[Lldb-commits] [PATCH] Implements a HostThread class.

Zachary Turner zturner at google.com
Thu Aug 28 20:38:13 PDT 2014

On Thu, Aug 28, 2014 at 7:58 PM, <jingham at apple.com> wrote:

> I guess I view this the other way round from you.
> The host layer has two sides to it.  To me the primary one is to provide
> an interface that isolates generic lldb code from the underlying details of
> the host system that it is compiled for.  Secondarily it will provide
> interfaces that the various bits of the host layer for that particular host
> use to implement the generic Host layer.
> It seems to me you are saying the job of providing a generic host layer
> for lldb to use is too difficult and so when generic lldb code is using the
> host layer to make a new thread, or manipulate a file, or launch a process,
> it has really got to know it is using host specific functionality whose
> specific details it might at any moment have to be aware of.  That just
> seems wrong to me.  If  I'm using some Host provided capability in Process,
> or ProcessGDBRemote or when dealing with FileSpec's anywhere in the Dwarf
> reading code or whatever I can't have to know what host I'm actually on.
> Otherwise you're going to have to start intruding host specific details
> into generic lldb algorithms.
> So it seems to me precisely the opposite of what you are claiming, if I
> have to have my hands on the Host specific version of any of the Host
> classes we are providing in Process, etc, then the host layer is a failed
> abstraction.  I don't think that is necessary...
I'm not saying you have to, I'm saying there's no reason not to, because
for any given build configuration, there will just be 1 HostThread class.
 What's the point of passing around a HostThreadBase everywhere, when the
only thing that derives from it is a HostThreadMacOSX?

> >
> > It is clear, but I don't think I agree with it.
> >
> > The overhead doesn't worry me, few if any of the host methods are going
> to be used in a tight loop where the cost of virtual methods will actually
> matter.
> >
> > And I'm not sure I buy the "casting" awkwardness argument all that much,
> since for the most part the Host specific parts of the HostXXX
> implementations are going to be in the methods that implement each class -
> operating on "this" which is already of the full host specific type.  The
> number of times I will have to reach into the Host specific methods of an
> object not the one I'm implementing doesn't seem likely to be all that
> great.
> >
> > I agree that the performance overhead of virtual methods isn't
> significant.  On the other hand, it feels strange to use a language feature
> which changes the way code is generated just for the purposes of
> documentation.  That's usually what comments are for.  That said, I don't
> feel that strongly about it, so I'm willing to make a base class with a
> common interface.  It's surprisingly difficult to make a useful common
> interface for a thread though, because even methods that seem to make
> logical sense on all platforms are sometimes semantically different enough
> that it's difficult to find a function signature that has the stuff you
> need on every platform.  But it's worth trying.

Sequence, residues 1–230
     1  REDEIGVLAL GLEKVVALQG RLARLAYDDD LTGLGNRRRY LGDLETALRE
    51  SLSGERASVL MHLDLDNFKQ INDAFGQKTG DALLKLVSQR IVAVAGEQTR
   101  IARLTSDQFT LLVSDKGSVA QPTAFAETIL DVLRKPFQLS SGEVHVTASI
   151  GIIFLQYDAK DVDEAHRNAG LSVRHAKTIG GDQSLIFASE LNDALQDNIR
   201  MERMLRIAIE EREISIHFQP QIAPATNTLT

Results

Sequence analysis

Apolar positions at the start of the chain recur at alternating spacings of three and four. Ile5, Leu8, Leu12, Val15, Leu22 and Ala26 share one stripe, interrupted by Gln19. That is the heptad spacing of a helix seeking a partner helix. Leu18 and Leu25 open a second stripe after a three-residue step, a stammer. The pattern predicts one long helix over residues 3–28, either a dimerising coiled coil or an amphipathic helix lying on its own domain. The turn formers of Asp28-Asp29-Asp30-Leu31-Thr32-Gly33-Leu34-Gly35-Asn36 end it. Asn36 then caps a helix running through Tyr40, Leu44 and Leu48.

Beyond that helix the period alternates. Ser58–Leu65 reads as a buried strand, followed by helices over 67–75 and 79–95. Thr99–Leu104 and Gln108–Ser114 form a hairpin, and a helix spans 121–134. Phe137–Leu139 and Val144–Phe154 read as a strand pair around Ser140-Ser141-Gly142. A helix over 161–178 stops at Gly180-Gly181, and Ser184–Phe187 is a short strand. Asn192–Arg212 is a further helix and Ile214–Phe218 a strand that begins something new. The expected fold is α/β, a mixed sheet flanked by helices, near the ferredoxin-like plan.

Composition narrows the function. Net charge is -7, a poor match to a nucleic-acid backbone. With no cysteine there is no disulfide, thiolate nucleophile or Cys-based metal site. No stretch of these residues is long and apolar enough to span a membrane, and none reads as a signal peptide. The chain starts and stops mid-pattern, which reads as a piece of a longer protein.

> > One thing I do feel kind of strongly about though is the idea of
> accessing this through a base class pointer or reference.  Who wants to
> deal with a base class when you can have the derived class?  It introduces
> extra, error-prone lines of code for no practical benefit.
> I don't understand this comment.  In generic code, like Process or
> ProcessGDBRemote where we need to spawn a thread to handle the private
> process events or the gdb-remote reading, or start up debugserver, why
> would I need full HostThreadXXX or HostProcessXXX object?  The only reason
> would be because I'm going to have to do some:
> #if HOST_THREAD == HostThreadXXX
> stuff in generic code, but that means again the host abstraction has
> failed me.  I don't want that...
You probably wouldn't need it, although I can imagine some situations.
 These are not thread-related mind you, but off the top of my head, the
public API currently exposes some methods that allow you to get the
effective user id, group id, etc of the process.  I don't want a method on
HostInfoWindows called GetEffectiveUserId() that returns 0.  It's a concept
that doesn't exist.  Likewise, you probably don't want a method on
HostInfoMacOSX called GetCurrentUserDomainName().  Instead, in these
exceptional cases where there's a public API that does platform specific
stuff, I'm just saying you can move the pre-processor decision there.

Just to be clear though, there would not be any code that looks like this:

#if HOST_THREAD == HostThreadMacOSX

it would be this:

#if defined(__APPLE__)

This kind of code is already fairly prevalent in the codebase, and I don't
anticipate that my changes as proposed will increase this kind of thing at
all.  Because even under the solution you're proposing with using
HostThreadBase everywhere, it's still possible, but like this:

#if defined(__APPLE__)

It's the same thing, but just uglier.

FWIW, I think we are on the same page about wanting to keep pre-processor
defines to a minimum in the codebase.  That's actually a large part of my
motivation for doing all this refactoring in the first place.  If you take
a look at the various HostInfo classes, that refactor removed almost 100%
of preprocessor definitions that were in the original code.  So I'm very
cognizant of them and one of my explicit goals is getting rid of them.
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